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Professional Development for Enhanced Student Learning Outcomes

Posted: September 9, 2015 — Gilbert Ayuk

For many Fulton-Montgomery Community College faculty, the summer isn’t a time to take cruises or travel to some wonderland. While the summer holiday provides faculty the opportunity to spend more quality time with family and friends, many of us take advantage of our time off to attend enrichment activities – activities such as professional development workshops that increase our abilities to engage our students in the various courses and academic programs offered at the College.

I recently attended a five day NASA/New York Space Grant (NYSG) workshop for community and technical college STEM (Science, Technology, Engineering, Mathematics) faculty on a course for Implementing Methods of Scientific Research (MSR) for community college students. The July 20-24 workshop was hosted by CUNY Borough of Manhattan Community College and the American Museum of Natural History. MSR and similar workshops have been shown to help faculty: improve students’ scientific, analogical, and proportional reasoning; computer and general research skills (e.g., data quality judgment, experimental design and data analysis, statistics); engage and retain students in STEM; and, better prepare students for summer research internships. During the workshop I, and the other participants, modeled best practices in implementing an MSR course.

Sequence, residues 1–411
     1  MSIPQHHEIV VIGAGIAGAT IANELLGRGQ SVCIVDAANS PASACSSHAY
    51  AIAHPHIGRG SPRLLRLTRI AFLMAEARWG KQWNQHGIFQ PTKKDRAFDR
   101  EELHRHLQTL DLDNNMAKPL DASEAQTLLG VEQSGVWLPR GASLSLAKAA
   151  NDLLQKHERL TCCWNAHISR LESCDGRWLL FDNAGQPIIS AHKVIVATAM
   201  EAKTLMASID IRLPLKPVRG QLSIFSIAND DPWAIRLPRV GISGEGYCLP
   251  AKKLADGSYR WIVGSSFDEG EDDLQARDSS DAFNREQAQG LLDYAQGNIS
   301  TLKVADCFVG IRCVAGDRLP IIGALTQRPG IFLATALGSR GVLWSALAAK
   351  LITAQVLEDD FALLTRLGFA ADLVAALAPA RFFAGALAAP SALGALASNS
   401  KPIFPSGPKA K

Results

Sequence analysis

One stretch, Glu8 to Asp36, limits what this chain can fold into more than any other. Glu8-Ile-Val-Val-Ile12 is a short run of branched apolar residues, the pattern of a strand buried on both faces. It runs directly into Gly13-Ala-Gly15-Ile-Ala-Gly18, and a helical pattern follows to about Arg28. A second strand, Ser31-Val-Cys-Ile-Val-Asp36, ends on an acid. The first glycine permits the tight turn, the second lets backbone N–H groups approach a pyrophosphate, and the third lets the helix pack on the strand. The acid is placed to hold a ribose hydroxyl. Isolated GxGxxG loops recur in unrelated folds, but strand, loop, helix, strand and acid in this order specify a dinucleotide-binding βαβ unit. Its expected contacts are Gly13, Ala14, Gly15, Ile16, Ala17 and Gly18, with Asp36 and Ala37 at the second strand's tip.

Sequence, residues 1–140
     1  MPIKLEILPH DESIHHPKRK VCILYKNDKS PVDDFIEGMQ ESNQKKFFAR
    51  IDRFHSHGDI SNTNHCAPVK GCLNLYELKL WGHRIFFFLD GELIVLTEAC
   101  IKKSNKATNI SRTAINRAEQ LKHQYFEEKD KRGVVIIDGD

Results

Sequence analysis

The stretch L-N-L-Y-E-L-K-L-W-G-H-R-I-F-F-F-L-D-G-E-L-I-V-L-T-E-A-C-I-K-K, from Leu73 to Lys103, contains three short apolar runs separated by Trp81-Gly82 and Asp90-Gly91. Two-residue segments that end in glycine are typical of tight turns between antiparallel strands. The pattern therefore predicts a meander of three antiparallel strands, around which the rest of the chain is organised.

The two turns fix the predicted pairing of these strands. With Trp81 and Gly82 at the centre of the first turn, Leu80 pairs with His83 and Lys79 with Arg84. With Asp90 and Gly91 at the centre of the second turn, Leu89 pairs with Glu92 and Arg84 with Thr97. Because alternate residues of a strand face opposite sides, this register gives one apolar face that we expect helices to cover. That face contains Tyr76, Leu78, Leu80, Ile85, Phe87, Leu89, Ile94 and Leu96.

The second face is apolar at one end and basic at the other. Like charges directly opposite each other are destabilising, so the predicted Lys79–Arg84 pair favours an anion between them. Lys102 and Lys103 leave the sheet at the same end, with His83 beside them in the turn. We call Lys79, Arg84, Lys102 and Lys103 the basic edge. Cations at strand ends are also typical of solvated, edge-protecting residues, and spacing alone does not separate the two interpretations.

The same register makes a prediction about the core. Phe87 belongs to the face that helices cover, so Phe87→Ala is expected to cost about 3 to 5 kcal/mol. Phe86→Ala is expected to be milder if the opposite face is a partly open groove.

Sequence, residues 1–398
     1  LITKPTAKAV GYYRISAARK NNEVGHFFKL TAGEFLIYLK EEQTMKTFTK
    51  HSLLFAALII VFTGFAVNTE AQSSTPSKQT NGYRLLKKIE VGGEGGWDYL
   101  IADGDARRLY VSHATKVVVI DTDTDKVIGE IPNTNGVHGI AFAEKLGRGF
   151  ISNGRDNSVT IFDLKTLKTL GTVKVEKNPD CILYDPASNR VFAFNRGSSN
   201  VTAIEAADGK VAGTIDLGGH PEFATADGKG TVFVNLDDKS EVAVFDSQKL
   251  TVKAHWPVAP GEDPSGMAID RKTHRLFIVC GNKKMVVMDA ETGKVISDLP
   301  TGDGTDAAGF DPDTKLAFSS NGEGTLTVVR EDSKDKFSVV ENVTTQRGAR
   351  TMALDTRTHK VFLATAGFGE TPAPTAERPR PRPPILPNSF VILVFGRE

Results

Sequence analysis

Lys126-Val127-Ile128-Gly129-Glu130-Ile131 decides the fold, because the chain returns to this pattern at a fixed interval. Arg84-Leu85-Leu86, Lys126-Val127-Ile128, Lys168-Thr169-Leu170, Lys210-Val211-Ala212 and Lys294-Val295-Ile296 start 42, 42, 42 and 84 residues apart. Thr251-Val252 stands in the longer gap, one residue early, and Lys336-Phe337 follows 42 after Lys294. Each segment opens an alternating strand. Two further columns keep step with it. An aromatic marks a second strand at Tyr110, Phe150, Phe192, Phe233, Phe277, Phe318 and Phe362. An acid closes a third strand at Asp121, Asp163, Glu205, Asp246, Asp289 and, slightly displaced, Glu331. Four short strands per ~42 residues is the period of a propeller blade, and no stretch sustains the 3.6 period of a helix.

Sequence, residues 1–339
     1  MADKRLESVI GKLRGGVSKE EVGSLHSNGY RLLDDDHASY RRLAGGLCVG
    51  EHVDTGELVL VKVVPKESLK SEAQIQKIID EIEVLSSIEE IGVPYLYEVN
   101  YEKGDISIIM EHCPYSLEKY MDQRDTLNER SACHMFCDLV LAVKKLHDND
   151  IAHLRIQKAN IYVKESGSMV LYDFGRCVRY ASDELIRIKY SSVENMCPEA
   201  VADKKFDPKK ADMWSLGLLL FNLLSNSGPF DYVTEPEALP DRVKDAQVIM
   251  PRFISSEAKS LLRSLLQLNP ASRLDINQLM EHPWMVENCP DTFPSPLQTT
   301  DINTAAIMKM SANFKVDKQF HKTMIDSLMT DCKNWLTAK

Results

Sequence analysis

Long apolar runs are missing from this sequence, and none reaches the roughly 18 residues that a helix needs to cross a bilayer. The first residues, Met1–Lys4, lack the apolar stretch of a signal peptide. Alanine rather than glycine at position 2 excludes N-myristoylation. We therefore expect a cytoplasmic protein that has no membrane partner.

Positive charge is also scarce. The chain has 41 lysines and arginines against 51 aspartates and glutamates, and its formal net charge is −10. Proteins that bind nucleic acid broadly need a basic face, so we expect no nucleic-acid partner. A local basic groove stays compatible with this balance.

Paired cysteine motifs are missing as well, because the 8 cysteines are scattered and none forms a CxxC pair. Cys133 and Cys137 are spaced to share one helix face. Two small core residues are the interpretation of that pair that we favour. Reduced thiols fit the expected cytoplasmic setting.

At the close of the workshop, each workshop participant prepared and presented a local MSR course implementation plan. Participants assessed and critiqued each other’s implementation plan as part of a supportive learning community. I now feel more confident of my ability to engage our students in research and deliver NASA STEM content.

Also, because of this workshop, I am developing a one-semester Methods of Science Research course that could be offered to F-M students beginning in the 2016 Spring semester. The course, similar to others offered at various locations within New York State, would make extensive use of innovative laboratory technology available at F-M. The course format will be collaborative, hands-on, and computer-based; thus, preparing F-M STEM major students to compete for NASA funded NYSG scholarships and summer research internships at NASA centers. By laying down the groundwork for research with a meticulous study of experimental design and data analysis, partnership opportunities with four-year institutions could materialize.

Students majoring in any STEM field at F-M who plan to enroll in the MSR course in the spring semester of 2016 will be eligible to apply for a NYSG spring scholarship and summer research internship position, for which the application deadline is October 16, 2015.

At F-M the variety of professional development activities during the summer in which faculty participate indirectly impacts student learning outcomes by enhancing curriculum, such as the creation of the MSR course, to prepare students for life after F-M.

Gilbert Ayuk is Physics Instructor at F-M.

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